Ever wondered how effective leaders solve problems and prevent them from recurring? The answer lies in identifying the root cause.

Root cause analysis is a systematic approach to help enterprises identify the problems or failures and develop a strategy that will eliminate the root problem to avoid it from relapsing in the future. A primary goal of root cause analysis is to prevent recurring issues by addressing the underlying problem. By doing this, an organization can propose sustainable short-term and long-term solutions.

No one can deny, including you, that each step in solving a problem is vital. One of the most important steps to prevent a problem’s recurrence is implementing corrective actions and observation. Once the problem is identified, it can only be solved by implementing appropriate actions. Without such actions, the problem may persist or temporarily subside, but the chances of recurrence remain high.

An example of root cause analysis is the diagnostic process in the field of medicine. For instance, hypertension can be caused by abnormal levels of triglycerides and cholesterol in the blood. Typically, a physician would prescribe medication to help the body process excess fats, thereby reducing the patient’s blood pressure caused by abnormal levels of triglycerides and cholesterol. This serves as an excellent example of root cause analysis.

Here Are 12 Strategies That Can Help You In Root Cause Analysis

Know the Problem

A person who comprehensively knows what the problem is all about is most likely to give a solution specifically to the root of it all. You must start by identifying clearly what is the problem, specifically what are the symptoms, and how it has made an impact on you and other people, and take note of the data and evidence related to the problem that arose.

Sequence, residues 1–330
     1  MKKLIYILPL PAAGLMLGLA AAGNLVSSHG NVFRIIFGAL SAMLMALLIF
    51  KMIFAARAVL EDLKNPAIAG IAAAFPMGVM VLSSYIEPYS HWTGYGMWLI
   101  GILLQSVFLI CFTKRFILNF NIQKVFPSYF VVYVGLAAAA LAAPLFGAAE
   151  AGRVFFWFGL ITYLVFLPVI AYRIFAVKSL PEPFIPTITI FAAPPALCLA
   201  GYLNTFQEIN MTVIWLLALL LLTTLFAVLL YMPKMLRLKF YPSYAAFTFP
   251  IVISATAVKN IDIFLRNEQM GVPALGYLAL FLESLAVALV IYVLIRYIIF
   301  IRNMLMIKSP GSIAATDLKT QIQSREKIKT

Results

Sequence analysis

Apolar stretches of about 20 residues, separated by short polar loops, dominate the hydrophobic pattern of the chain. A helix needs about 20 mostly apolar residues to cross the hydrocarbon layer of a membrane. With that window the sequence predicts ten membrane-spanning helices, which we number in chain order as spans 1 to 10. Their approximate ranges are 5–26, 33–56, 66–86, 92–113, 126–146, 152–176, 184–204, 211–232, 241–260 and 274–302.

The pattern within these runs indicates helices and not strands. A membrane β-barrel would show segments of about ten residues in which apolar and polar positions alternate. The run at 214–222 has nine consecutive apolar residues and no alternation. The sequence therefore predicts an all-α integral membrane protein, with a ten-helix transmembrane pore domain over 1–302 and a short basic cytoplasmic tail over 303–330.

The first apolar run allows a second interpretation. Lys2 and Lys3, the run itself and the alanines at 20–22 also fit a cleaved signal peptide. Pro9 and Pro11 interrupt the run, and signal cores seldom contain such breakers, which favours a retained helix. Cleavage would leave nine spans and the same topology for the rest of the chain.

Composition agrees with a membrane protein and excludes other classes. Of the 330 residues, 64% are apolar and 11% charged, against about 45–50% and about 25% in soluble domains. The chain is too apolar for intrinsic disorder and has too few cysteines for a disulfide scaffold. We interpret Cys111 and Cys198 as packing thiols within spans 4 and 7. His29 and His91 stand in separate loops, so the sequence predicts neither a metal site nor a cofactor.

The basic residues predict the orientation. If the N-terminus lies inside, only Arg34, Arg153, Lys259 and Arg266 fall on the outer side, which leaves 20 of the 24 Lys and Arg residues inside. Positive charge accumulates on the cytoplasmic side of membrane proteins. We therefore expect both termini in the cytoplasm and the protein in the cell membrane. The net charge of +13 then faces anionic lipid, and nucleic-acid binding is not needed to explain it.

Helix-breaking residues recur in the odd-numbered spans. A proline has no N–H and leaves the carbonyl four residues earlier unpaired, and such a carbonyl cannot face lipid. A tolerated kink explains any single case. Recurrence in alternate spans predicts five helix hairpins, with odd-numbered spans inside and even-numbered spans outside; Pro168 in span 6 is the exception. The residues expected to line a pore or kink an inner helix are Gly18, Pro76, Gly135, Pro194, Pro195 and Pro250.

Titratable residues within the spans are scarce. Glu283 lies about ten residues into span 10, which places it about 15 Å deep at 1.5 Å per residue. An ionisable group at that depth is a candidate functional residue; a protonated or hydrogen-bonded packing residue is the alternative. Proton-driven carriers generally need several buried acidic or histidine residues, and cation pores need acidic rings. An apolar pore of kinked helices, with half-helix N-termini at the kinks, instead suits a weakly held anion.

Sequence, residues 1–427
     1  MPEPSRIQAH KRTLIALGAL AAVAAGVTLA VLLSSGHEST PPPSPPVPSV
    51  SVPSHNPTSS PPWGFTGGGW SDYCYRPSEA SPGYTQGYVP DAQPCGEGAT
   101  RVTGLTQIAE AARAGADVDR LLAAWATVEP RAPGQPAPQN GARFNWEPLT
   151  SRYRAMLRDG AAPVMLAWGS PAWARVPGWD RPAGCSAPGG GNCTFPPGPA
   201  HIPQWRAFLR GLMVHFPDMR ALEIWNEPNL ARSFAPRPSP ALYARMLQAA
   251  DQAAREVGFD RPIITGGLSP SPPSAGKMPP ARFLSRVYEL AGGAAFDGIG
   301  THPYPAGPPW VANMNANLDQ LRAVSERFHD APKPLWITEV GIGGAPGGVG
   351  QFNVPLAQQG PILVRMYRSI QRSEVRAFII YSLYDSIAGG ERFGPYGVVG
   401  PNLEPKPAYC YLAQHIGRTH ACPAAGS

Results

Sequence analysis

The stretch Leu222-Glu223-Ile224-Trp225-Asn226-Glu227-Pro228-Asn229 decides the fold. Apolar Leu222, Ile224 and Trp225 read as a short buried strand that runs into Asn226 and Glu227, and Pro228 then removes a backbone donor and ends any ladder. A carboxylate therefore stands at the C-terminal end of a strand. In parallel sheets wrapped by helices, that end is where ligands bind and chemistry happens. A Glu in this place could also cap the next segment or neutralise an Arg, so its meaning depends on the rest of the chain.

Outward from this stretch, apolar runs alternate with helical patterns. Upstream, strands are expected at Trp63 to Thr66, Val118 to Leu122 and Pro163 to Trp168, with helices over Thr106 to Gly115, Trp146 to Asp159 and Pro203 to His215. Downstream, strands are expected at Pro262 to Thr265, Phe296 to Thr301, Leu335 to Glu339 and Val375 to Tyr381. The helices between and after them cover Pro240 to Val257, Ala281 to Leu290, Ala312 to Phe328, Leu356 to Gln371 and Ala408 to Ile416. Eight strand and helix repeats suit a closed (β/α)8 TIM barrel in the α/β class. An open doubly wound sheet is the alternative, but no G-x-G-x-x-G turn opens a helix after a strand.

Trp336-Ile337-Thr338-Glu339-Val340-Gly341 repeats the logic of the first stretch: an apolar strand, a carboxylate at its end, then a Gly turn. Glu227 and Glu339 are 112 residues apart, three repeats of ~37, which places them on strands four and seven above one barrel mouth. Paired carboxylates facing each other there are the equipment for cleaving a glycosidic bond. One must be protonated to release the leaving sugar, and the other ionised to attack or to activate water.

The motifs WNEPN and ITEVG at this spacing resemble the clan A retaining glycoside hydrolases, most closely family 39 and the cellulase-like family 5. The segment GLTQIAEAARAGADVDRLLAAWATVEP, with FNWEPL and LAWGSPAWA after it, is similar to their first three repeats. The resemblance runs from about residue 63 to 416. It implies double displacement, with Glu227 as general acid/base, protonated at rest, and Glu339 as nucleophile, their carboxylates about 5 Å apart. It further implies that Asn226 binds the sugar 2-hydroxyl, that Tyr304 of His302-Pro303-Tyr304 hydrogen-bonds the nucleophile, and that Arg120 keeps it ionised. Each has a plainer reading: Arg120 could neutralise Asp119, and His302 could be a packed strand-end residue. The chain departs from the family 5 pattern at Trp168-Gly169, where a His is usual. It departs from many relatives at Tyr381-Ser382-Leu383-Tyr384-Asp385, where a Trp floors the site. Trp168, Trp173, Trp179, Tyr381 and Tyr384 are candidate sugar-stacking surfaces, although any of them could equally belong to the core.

Assemble a Team

What appears as a ‘6’ to one person might be a ‘9’ to another; it’s all a matter of perspective. You must assemble a team with different expertise, and different backgrounds who can greatly add their perspective to the problem. Getting opinions from others will facilitate an effective exchange of ideas, and will help others gain knowledge from those who are experts in their respective fields. The team could or should consist of stakeholders, experts on the subject at hand, and individuals from different departments who can greatly contribute to the implementation, or decision-making process.

Collect Data

Data gathering is crucial, especially when it relates to failure. In many circumstances, reports, logs, documentation, interview, and other data that cannot be altered is relevant information in the process of root cause analysis. The more relevant information you have regarding the problem, the more possible it is for you to resolve and understand deeper what is the problem.

Utilize Structured Analyzation Techniques

There are different types of structure in root cause failure analysis, one of which is the Whys, which discusses and explores the possible cause and effect of a certain problem. Another type that can be used is fishbone diagrams, fault tree analysis, or causal factor charting. This will help the organization to begin with the most general, and narrow down what could be the root cause of the problem that is being faced by the organization.

Perform Interviews and Brainstorming

Interviewing individuals involved in the failure, or those knowledgeable about it, is crucial to deepen your understanding of the problem from those directly involved. Facilitating a brainstorming session will allow you to gather more data and perspectives from the group. Furthermore, encouragement of open and honest communication is a must to extract some effective information that will be useful in analyzing the root cause of problems.